Is there is an ideal (or even perfect?) thickness to foods?
Take sashimi. Is there a perfect thickness for a piece of toro? Or abalone?
What about steak? Is there an ideal thickness for a ribeye or porterhouse?
What about something like Chicago style pizza? Is there a required minimum thickness for the pie to be considered Chicago deep dish pizza?
the thickness can depend on so many things. and what you desire can change from time to time. take pancakes for example. Sometimes what you want is a light fluffy pancake, over a quarter inch thick, it almost does seem to float above the plate at times, perhaps floating in syrup. Other times a sourdough flapjack, medium thickness, chewy and full of texture. able to stand up to the demands of lots of butter and molasses. Then again at other times a thin silky crepe, Eggy and smooth, tender yet resilient, ready to be wrapped around a variety of fillings, savory or sweet.
Definitely depends on how its being cooked. In general though I prefer my red meat and chicken sliced super super thin and seared off really fast in a blazing hot pan. that way you maximize the brown seared goodness! for fish, i tend to like it on the rare side, so when im ordering it cooked i love it super thick. but when im ordering it raw, i prefer to feel like im getting what i pay for, so thicker is better! haha
I have a beef about the thickness of a sandwich. As funny as a dagwood is, a sandwich should be thin enough to fit into my mouth. Which is pretty big. But give me a burger with a really thick, toasted bun, and I have no choice but to place palm over the top and push down. Squish.
As Abe Lincoln is said to have commented: "A person's legs should be long enough to reach the ground when standing."
I think it is important for food to be thick enough that the bottom rests firmly on the plate. I can't stand it when my steak floats 1/4" above my plate. It is just too annoying.
Okay, someone's gotta say it.
It was reason the post was so titled as gauntlet.
There some who buy hot dogs at ten dogs to the pound.
Those are those folks who be happy with weiners.
Then there are those who move up to the Bratwurst,
heftily content that they've got quarter pounders.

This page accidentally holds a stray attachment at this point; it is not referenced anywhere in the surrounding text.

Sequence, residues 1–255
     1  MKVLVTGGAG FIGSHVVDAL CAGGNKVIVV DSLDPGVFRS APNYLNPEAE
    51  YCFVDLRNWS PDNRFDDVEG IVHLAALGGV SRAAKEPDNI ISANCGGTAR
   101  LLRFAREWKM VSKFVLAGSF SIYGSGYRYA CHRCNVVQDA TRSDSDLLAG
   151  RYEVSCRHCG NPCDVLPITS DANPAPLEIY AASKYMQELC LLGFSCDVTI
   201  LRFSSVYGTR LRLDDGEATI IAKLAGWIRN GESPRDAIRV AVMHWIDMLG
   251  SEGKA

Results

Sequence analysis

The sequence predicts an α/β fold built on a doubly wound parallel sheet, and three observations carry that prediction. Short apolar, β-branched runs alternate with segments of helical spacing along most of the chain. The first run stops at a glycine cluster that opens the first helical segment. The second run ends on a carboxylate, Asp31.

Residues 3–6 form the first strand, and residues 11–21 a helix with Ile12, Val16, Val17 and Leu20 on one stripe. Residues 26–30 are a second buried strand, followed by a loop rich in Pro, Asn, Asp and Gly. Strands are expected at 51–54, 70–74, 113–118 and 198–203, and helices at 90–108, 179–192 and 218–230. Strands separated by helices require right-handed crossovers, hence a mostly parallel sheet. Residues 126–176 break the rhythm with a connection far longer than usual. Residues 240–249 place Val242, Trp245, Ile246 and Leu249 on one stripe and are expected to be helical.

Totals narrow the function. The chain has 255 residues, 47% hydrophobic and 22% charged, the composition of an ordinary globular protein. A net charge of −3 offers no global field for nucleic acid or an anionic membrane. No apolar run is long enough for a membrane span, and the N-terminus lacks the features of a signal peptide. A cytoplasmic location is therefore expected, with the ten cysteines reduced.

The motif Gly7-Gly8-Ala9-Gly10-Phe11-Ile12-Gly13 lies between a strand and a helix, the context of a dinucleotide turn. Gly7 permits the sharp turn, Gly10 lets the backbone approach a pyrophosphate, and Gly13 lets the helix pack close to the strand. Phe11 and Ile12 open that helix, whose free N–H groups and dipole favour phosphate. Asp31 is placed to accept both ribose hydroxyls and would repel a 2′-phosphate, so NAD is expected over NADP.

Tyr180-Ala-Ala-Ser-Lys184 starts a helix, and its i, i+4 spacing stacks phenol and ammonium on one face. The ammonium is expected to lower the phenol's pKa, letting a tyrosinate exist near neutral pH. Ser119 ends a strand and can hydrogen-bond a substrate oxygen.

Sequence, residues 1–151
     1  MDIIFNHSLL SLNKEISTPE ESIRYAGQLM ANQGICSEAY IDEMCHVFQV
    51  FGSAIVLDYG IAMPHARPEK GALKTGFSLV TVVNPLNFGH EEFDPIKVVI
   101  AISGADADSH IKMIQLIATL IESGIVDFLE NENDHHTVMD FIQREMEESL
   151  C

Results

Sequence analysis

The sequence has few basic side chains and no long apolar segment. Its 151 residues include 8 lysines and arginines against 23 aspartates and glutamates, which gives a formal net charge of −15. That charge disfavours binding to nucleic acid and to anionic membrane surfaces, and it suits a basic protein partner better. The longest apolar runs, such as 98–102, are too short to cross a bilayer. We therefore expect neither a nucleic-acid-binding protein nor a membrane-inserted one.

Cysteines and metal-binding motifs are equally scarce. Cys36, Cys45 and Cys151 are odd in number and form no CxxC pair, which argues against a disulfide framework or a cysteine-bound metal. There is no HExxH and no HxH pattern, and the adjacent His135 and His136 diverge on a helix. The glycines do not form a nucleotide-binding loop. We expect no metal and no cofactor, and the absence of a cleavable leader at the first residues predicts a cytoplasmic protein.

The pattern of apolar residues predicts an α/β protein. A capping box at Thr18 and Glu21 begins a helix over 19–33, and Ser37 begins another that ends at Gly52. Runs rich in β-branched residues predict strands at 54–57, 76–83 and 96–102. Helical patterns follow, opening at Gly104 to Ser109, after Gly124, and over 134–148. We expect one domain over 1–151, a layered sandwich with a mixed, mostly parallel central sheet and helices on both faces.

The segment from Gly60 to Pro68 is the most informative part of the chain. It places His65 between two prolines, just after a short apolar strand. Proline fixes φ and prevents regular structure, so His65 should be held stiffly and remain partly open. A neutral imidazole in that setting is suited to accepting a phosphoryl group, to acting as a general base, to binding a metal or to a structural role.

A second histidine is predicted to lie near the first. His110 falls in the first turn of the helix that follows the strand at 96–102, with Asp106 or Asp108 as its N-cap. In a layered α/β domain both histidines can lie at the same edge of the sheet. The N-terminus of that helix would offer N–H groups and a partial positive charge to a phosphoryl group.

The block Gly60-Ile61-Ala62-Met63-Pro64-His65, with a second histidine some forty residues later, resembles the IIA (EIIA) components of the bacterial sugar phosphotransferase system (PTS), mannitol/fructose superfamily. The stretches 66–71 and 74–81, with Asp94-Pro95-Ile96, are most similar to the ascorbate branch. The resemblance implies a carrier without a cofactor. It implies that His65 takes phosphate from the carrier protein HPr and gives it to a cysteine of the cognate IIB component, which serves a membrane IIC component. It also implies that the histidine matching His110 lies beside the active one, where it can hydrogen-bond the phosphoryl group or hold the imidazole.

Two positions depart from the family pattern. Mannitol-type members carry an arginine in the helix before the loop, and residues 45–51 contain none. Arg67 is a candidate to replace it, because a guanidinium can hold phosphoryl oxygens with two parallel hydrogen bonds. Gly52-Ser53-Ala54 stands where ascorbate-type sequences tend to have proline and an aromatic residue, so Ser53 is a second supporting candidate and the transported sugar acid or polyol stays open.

While Brats do for most folks,
there are those in arena who ain't yet content.
Them be the ones who reach for the tube
of the plastic clad eight ounces of Oscar Mayer braunschweiger.
Shall we accord them the name of half pounders?
And then there are some who go straight to Kielbasa,
Sold cryovac'ed to display its full beauty.
Now that there's one weighs in at more than a pounder.
God bless our food supply
and sufficiency of sausages.
While I'm no snob when it comes to lettuce, the only way I enjoy iceberg is sliced very thinly in a salad (or on a sandwich) with onion and tomato. It's one of the few things I use my mandoline for.
Fresh fennel I also only enjoy thinly sliced.
Also I should be congratulated for not making a joke in response to the thread title.
Given your moniker, I congratulate you. Now to the topic at hand...
I will limit my responses to my palate...I think I do have an expectation of appropriate thickness with food, and feel that it's not quite the same experience when that is "off." Steak about 1 1/2 inch, pizza always thin, sliced raw onion should always be thin, and don't get me started on french fries. I may very well enjoy varying degrees of thickness, but it's not what I crave. :: blushes::
Iceberg is really a curious thing.
Its got no nutrition, yet still do we eat it.
Must be because of its crunch.
We partake of that crunch two magnificent ways.
One is of wedges,
and one is of thins.
To dress down a lettuce
onto six separate wedges
is a joy best accoutered
with some mayo and blue cheese and pepper.
To slice it down thin
giving wisp to the mandoline
takes the crisp lettuce to a whole different order.
Again, with good dressing.
It is thus so with with life.
As we live it in wedges
and also in wisps
But hopefully always
in ways that are crisp
and countful of blessings.
Thickness/thinness really changes the character of certain foods. Pastrami, for one. The New York style steamed pastrami needs a thicker slice while deli-style needs to be really thin. Slicing a deli pastrami too thick doesn't make it bad, but it changes the experience enough to make it sub-optimal.
With regards to Sashimi specifically...
Soft flesh fillet of fish @ 1/4 inch. Chewier sea foods, e.g. , octopus, squid or clams slightly thinner
For Sushi, the thickness should be in balance with the amount of rice used for the roll.
While some beef cuts can be cut thin and cooked in a variety of methods and still be enjoyed, I prefer most all beef cuts, especially premium steak cuts, to be thicker at a minimum of 2 inches....but best at 2.5-3.0 inches. I also find inexpensive Chuck cuts benefit from being thicker cut roasts from the start....then sliced thin
Pizza......all is good, unless the crust is so hard you fear you may break a tooth.
When it comes to a cut of a really good ribeye
I allow a wide variance.
Pan seared them thin
Charcoaled them medium
Roasted them thick.
Each increment has its place as its own.
I count not the millimeters when it comes to good steak.
And again, when it comes to thing we call pizza
From flatbreads just kissed with tomato and cheese
to luxurious deep-dish
that oozes and sleazes
all increments good.